React Native Everywhere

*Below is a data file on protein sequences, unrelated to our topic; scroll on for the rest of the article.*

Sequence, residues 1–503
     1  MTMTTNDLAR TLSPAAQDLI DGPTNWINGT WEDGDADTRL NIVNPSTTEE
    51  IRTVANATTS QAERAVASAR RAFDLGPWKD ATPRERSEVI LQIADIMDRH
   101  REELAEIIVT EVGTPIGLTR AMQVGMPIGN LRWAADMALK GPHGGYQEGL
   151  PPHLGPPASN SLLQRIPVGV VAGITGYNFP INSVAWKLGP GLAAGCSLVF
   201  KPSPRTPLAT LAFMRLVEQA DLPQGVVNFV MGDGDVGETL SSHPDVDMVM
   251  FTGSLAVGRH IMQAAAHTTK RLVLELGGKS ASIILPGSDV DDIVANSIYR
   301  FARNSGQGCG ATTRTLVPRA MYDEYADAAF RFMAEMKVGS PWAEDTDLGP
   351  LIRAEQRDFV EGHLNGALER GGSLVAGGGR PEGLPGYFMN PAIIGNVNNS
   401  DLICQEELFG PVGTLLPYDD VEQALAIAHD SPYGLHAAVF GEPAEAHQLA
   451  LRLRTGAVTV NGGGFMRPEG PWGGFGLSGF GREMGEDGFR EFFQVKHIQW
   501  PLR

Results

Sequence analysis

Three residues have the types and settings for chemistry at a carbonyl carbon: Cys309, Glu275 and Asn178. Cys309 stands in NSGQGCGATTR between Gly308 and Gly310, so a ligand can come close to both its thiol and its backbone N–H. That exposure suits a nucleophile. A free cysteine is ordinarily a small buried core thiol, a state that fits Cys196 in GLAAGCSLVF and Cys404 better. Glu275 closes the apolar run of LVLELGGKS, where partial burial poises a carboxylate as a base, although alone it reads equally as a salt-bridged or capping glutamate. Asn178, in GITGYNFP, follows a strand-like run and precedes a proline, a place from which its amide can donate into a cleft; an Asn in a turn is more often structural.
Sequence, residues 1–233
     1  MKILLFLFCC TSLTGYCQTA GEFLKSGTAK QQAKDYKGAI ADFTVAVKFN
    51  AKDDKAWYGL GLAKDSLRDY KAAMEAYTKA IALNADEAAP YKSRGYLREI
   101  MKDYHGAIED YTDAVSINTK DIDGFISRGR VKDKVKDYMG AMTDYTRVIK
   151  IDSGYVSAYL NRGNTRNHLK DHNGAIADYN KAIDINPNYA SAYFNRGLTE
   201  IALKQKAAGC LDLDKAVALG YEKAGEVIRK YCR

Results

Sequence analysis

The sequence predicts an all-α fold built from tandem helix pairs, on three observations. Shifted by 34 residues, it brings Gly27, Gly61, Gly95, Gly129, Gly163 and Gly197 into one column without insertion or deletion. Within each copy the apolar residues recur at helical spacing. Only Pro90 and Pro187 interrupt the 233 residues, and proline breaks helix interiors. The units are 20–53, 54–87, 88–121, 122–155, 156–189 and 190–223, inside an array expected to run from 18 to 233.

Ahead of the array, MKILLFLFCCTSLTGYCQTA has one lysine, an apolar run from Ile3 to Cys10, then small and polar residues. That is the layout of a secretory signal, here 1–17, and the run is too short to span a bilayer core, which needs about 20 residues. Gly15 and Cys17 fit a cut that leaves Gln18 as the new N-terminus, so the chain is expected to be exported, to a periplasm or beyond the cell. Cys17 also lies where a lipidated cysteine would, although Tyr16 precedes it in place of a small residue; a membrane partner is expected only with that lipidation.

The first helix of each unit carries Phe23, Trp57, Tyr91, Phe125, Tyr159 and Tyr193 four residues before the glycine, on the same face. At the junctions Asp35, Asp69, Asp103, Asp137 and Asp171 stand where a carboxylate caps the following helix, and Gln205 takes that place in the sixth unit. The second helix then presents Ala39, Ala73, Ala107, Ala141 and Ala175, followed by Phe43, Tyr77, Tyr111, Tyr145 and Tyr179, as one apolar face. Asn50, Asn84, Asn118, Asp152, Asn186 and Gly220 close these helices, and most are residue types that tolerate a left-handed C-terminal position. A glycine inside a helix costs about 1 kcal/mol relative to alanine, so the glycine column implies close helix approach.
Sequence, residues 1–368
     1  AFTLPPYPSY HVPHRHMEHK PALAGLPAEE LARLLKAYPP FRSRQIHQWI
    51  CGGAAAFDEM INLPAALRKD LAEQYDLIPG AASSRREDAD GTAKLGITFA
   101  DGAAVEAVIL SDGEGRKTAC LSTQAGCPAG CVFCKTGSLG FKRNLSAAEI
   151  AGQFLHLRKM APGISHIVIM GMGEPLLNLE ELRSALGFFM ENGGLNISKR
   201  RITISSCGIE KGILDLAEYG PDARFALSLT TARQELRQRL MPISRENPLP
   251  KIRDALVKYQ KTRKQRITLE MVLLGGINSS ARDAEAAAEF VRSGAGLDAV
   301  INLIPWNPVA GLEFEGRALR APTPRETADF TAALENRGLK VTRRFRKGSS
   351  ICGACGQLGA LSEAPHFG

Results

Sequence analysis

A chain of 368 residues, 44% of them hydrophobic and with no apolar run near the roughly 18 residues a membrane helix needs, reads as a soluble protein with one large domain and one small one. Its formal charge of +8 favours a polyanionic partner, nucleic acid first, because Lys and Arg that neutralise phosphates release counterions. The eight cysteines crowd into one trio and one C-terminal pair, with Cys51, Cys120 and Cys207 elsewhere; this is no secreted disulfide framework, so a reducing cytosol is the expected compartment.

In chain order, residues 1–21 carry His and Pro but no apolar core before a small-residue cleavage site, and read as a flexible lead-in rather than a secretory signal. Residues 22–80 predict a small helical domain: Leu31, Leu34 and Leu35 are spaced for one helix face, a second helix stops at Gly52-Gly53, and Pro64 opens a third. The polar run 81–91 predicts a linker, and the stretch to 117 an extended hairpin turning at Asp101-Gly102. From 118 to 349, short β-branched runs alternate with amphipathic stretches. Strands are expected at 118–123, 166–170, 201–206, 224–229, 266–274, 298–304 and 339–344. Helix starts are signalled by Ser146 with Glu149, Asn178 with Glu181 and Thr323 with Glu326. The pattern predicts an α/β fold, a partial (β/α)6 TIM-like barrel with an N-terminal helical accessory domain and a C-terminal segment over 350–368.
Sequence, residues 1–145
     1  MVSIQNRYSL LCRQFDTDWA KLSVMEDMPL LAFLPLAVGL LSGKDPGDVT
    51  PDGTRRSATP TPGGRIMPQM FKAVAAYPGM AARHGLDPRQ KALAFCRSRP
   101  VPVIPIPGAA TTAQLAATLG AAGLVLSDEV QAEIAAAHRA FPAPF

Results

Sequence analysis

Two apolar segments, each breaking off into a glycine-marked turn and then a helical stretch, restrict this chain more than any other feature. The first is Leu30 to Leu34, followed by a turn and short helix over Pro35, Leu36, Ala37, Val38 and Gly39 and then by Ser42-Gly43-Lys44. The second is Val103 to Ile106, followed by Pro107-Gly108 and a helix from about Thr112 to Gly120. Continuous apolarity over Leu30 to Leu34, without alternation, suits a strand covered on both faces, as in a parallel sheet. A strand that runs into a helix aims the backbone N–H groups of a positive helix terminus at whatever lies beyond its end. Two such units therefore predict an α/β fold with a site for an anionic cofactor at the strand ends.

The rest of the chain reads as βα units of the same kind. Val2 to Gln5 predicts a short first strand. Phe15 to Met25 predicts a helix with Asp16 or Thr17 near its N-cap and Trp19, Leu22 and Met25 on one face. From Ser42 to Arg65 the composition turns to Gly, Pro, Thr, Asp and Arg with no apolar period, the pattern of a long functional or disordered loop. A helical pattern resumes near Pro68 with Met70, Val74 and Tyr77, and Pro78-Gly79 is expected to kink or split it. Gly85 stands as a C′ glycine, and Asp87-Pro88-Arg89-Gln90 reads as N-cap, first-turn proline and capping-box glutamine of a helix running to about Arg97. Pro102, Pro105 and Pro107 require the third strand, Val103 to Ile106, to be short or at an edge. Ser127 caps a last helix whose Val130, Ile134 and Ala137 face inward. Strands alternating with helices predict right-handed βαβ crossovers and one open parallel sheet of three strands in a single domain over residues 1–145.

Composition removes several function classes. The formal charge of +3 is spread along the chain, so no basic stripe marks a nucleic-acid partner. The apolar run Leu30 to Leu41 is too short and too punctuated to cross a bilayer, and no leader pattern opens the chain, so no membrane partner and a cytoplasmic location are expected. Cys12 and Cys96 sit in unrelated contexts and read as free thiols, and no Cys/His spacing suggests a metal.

Developing for each platform individually is so 2010s. These days, with React Native’s component system providing base-level UI constructs, we can efficiently develop for every platform while not sacrificing any particular platform’s uniqueness. Taz will review the approach they’ve taken while developing Guild, and the creation of their Mondrian cross-platform responsive design system as well as how they’ve accommodated the differences in navigational experiences across platforms to accomplish a codebase that can be 95+% shared across every platform.